Fresh coconut milk is the best. Although coconut milk is available commercially as liquid or powder, you can go to your nearest public market or supermarket, buy a mature coconut and ask them to grate it for you. Most markets selling coconuts have electric graters. Then you can squeeze out the milk at home. Often, with fresh coconut milk, the problem is shelf life. Even if kept in the refrigerator, coconut milk may spoil in just 3-4 days. However, if you pasteurise it, it will last much longer. Mine lasts for about 10 days, sometimes much longer. I use a quick pasteurisation process: put coconut milk in a stainless steel pot, heat gently to around 70-80 degrees Celsius, below simmering, for about 15-20 seconds. This process will destroy pathogens and spoilage organisms. And that’s it! But don’t let the coconut milk boil. All you really need to do is warm it up to below simmering temperature. But since pasteurisation is not sterilisation, you will need to refrigerate the coconut milk after pasteurisation.
Number 3’s Fifth Parity Serviced by Pinky Boar March 1, 2019 Farrowed June 25, 2019
May 29, Number 3 was transferred to the Maternity Pen. She ate plenty of pineapples. She looked happy and comfortable. By evening, she started that characteristic grunting sound, as if calling piglets to suckle. This could be a sign of hormonal changes.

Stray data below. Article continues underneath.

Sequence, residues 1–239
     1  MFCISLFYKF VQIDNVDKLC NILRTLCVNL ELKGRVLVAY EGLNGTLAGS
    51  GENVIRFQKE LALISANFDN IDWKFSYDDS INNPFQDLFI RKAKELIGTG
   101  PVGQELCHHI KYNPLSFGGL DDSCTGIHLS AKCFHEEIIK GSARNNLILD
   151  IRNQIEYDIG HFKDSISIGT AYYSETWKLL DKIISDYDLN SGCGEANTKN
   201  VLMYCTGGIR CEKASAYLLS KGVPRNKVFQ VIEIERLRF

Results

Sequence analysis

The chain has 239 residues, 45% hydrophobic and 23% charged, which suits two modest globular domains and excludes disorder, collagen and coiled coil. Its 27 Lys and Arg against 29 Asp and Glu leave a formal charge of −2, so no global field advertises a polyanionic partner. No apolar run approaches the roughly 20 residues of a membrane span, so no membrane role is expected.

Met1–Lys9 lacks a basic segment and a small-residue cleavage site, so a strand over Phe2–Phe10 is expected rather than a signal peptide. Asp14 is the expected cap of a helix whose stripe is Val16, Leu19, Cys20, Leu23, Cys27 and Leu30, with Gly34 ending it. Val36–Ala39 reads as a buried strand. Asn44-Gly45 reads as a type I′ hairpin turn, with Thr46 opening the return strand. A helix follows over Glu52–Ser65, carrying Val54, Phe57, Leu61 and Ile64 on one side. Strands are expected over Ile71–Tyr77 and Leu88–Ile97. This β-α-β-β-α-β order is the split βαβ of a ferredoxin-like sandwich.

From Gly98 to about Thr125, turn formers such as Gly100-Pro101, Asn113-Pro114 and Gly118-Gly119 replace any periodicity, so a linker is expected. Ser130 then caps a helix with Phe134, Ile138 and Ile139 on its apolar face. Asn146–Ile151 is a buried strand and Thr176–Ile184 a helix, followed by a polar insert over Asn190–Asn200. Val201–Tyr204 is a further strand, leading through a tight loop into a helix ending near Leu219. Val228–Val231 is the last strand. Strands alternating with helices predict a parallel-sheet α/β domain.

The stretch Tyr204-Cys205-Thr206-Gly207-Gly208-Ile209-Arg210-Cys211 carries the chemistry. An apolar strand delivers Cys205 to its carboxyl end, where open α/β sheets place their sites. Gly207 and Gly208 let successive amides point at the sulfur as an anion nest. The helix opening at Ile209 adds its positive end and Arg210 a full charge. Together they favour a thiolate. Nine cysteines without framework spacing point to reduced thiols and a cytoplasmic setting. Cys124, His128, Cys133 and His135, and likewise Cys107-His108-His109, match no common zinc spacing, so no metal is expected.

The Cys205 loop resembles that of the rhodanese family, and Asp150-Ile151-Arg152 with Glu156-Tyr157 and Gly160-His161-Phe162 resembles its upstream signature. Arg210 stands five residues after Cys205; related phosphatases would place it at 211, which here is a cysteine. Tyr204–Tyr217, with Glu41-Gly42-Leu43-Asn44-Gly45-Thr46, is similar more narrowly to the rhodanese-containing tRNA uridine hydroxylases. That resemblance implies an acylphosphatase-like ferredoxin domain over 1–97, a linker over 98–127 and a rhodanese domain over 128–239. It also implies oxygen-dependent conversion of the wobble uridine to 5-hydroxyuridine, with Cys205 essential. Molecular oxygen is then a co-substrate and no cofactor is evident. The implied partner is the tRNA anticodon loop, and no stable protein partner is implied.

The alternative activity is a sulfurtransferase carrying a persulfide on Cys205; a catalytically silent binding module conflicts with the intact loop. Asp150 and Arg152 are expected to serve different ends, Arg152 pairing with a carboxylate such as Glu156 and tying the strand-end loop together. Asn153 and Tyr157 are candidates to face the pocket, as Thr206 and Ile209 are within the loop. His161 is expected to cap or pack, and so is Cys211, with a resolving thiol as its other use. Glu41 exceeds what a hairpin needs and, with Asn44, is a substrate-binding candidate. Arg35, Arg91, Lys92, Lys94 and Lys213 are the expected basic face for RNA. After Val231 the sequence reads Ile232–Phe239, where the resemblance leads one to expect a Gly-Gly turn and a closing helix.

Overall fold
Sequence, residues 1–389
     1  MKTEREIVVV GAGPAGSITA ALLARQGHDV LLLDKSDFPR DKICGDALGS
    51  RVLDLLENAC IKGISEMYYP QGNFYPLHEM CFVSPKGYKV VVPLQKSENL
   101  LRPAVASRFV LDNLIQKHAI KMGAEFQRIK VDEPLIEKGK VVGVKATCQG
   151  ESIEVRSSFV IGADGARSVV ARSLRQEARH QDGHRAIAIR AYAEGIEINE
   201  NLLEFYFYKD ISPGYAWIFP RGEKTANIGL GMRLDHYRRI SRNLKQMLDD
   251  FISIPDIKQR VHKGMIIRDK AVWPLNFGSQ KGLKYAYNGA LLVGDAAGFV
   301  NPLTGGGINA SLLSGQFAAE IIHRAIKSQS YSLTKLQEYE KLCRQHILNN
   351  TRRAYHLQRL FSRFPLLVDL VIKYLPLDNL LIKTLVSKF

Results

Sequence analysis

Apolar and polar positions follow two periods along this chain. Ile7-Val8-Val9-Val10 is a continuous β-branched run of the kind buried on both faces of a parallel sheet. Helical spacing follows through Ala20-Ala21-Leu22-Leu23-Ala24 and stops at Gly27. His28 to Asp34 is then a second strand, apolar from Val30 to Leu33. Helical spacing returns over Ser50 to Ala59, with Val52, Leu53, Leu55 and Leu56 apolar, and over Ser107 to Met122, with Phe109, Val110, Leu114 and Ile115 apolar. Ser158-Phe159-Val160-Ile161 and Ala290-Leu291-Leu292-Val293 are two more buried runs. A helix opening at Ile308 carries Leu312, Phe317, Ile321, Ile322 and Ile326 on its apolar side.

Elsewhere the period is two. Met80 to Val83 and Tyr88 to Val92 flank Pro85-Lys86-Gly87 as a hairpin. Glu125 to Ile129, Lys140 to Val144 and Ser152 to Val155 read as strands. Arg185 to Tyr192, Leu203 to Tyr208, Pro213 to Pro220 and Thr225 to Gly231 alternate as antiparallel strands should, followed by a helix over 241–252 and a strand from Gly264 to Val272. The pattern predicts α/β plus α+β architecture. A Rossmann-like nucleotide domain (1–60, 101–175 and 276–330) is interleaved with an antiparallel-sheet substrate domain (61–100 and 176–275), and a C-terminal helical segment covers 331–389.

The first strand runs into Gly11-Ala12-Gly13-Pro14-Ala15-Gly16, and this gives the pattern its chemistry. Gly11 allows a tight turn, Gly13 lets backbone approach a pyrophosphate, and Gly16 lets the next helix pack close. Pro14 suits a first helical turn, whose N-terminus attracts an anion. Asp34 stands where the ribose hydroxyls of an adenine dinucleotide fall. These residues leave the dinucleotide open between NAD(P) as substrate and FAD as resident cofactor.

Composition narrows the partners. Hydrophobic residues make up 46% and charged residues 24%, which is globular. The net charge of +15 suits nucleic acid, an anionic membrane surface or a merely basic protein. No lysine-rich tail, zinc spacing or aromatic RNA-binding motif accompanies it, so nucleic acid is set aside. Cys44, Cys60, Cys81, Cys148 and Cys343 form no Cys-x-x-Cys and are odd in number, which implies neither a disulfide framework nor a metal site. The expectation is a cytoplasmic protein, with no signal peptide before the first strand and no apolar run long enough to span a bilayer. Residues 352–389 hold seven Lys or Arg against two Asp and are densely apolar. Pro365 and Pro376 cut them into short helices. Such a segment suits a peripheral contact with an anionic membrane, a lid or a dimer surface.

June 7, Number 3 was given an anthelmintic (Levamisole Hcl).
June 8, Number 3’s vulva was swollen. She had this problem several times before but not this close to farrowing. I notice that she never had this problem during lactating. I wonder if this was a sign of hormonal problems or more serious health/reproductive problem. The vulva becomes swollen and there is bleeding. Often, a boil or pustule is visible which becomes enlarged and bursts, reducing in size. However, this time, if there was a boil, it was discharging from the inside. The discharge was a mix of blood and clear liquid. I often use Hexa-mide cream (Hexachlorophene Sulfanilamide) which clears the wound, swelling and irritation.